It will be appreciated by those skilled in the art of designing digital processing circuitry, that significant numbers of devices are required to perform even relatively simple processing functions. For example, to sum two 8-bit signals requires in excess of 200 transistors. It becomes readily apparent that to realize the requisite processing functions of a TV system in digital hardware, with a manageable and cost effective number of devices, each functional component must be designed in the simplest configuration commensurate with the desired response characteristics. Mindful of this constraint, the following peaking circuits were developed which, in the preferred embodiment, require only one multiplier circuit.

FIG. 3 is a peaking circuit comprised of delay stages, adders, and two multipliers (37, 46). Multipliers 37 and 46 are of the type which scale applied signals by a constant factor. Multiplier 37 scales signals applied to its input port by a fixed factor -A, that is, the factor -A is designed into the hardware. Note that if the factor |A| is a multiple of two and the signal is in binary format, multiplier 37 may be a wiring arrangement to shift the significance of the sample bit positions rightward (A<1) or leftward (A>1).

Multiplier 46 is desirably of the type wherein its scale factor K is electrically variable so that the peaking function may be adapted to the condition of the applied luminance signal. Ideally, the scale factor K should be continuously variable to provide a wide range of adaptability. However, where coarse adjustments are acceptable, multiplier 46 may be controllable bit shifter, for example, a barrel shifter.

In FIG. 3 luminance samples are applied to input port 30 and peaked samples are available at the output port (OUT) of adder 36. The luminance samples are coupled to the input port of delay element 31 which is serially coupled to delay elements 33 and 35 via adder circuits 32 and 34, respectively. The luminance samples are also applied to second input ports of adders 32 and 34. The delay elements 31, 33 and 35 each delay samples applied thereto by one sample period. In "Z" transform notation, the transfer function of the serial connection can be shown to be

Sout/Sin=Z-1 +Z-2 +Z-3                      (1)

where Sout represents the signal samples at the output port of delay element 35 and Sin represents the signal samples at the input port of delay element 31. For a sample rate of four times the color subcarrier of 3.58 MHz, the transfer function represents a low pass reponse having a cut off point of approximately 4.8 MHz. (The circuit consisting of elements 31--35 will be recognized as an input weighted FIR filter.)

The luminance samples from input port 30 are also applied to multiplier 37 which scales the samples applied thereto by the scale -A. Scaled samples from multiplier 37 are applied to the input port of delay element 38 which is cascaded with summing circuit 39, delay element 40, adder 41, delay element 44 and adder 45 in the recited order. Samples from multiplier 37 are also applied directly to summing circuits 39 and 43 and adders 41 and 45. Luminance samples from input port 30 are applied directly to summing circuits 39 and 43. Summing circuits 39 and 43 are respectively arranged to subtract the sample values from multiplier 37 from the sums of the luminance sample values plus the sample values provided by the respective delay element. Since the multiplier 37 scale factor is negative, the subtraction of the scaled samples by summing circuits 39 and 43 is in fact an addition and the addition by adders 41 and 45 is in fact a subtraction.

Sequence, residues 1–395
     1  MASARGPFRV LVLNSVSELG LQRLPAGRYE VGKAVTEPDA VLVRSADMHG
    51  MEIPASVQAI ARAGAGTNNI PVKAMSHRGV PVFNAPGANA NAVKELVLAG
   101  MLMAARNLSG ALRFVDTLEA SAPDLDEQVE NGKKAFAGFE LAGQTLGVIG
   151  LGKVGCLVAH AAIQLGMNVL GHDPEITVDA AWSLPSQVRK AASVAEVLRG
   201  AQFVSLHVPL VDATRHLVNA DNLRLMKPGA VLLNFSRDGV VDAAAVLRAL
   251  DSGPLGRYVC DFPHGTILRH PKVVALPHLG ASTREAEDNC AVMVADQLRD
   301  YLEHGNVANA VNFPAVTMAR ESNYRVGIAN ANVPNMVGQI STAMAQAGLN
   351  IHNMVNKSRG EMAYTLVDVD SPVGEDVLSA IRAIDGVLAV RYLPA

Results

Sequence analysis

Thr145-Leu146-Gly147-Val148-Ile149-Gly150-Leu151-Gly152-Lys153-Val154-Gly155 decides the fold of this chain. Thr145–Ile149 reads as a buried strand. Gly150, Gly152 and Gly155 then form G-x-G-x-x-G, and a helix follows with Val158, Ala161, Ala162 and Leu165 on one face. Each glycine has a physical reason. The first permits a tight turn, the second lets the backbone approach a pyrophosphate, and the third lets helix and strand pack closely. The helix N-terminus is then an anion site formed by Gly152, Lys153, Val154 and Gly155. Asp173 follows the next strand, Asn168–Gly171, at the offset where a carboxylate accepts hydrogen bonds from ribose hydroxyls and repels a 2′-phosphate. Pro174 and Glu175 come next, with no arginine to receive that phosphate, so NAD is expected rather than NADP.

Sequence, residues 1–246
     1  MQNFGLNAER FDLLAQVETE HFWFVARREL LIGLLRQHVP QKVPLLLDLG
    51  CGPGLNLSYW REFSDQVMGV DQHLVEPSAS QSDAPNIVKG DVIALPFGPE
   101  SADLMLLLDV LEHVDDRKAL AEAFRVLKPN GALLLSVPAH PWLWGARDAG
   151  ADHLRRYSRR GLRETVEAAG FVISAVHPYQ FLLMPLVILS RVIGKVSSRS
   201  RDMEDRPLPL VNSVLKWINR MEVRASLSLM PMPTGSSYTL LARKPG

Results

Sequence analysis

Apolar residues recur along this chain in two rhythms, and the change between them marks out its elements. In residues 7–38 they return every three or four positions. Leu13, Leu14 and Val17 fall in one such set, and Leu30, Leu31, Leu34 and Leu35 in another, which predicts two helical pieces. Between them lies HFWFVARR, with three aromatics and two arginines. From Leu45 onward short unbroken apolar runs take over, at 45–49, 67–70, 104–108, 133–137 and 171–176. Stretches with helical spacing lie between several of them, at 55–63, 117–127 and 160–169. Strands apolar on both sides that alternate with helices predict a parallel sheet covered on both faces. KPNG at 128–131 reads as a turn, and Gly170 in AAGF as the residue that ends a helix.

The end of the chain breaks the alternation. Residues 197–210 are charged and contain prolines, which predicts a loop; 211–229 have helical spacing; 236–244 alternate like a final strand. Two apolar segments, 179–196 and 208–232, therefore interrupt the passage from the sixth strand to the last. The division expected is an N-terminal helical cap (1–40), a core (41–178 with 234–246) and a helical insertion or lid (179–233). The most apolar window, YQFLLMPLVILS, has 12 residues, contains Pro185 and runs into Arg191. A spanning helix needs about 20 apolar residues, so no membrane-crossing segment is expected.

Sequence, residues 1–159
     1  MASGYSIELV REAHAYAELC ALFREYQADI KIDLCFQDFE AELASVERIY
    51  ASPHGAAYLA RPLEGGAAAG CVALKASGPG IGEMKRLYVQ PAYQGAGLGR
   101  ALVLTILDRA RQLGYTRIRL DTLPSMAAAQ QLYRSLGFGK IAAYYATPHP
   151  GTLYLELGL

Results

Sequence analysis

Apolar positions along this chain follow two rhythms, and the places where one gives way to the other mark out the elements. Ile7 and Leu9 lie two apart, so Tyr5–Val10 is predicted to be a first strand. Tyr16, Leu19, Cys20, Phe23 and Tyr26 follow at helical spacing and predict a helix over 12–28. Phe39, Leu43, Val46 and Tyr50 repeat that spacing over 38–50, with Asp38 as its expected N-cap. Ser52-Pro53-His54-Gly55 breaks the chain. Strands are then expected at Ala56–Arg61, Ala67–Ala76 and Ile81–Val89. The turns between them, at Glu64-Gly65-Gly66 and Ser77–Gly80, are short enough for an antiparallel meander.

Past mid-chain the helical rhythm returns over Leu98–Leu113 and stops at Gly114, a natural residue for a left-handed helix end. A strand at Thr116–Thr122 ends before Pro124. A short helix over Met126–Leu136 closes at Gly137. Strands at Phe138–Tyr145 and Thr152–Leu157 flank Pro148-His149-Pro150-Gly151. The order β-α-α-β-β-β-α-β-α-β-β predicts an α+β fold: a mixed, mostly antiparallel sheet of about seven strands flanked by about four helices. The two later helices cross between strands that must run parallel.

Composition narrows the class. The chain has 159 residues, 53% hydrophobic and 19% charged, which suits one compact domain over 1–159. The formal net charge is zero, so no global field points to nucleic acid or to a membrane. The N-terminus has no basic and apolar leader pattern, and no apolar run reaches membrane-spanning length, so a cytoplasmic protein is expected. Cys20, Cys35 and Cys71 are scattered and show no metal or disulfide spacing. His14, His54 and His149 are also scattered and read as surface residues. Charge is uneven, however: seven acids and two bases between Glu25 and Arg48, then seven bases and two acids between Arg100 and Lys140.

The application of samples from both input port 30 and scaling circuit 37 to summing circuit 39 (and 43) is effectively identical to applying a single sample stream equivalent to the input samples scaled by the factor (1+A). The transfer function performed by the elements between input port 30 and the output port of adder 45 can be shown to be

Sout45 /Sin=-A+(1+A)Z-1 -AZ-2 +(1+A)Z-3 -AZ-4 (2)

which in general represents a band pass response. The combination of elements 37 to 45 will be recognized as a further input weighted FIR filter.

Signal samples from adder 45 are applied to multiplier 46 which scales the samples by the variable factor, K, applied to input terminal K. Scaled samples from multiplier 46 and samples from delay element 35 are applied to respective input ports of adder 36 which produces the peaked luminance samples. The composite transfer function between input terminal 30 and the output port of adder 36 is given by ##EQU1## Substituting A=2 and K=4 in equation (3) results in the transfer function plotted in FIG. 5 which is seen to be closely similar to the desired luminance response curve of FIG. 1. Note that with A=2, multiplier 37 reduces to a one bit left shift and complementing circuit, and the transfer function of FIG. 5 has been generated by peaking circuitry requiring only one multiplier, i.e. element 46.

The value of the scale factor K applied to multiplier 46 controls the amplitude response of the higher frequency components of the applied signal. The larger the value of the scale factor K, the greater the amount of peaking applied to the signal. The value K may be applied by the viewer to satisfy his personal preference while viewing the displayed image. Alternatively, the value K may be made conditional on average signal amplitude, signal-to-noise ratio or other parameters and made automatically variable depending upon the controlling parameter.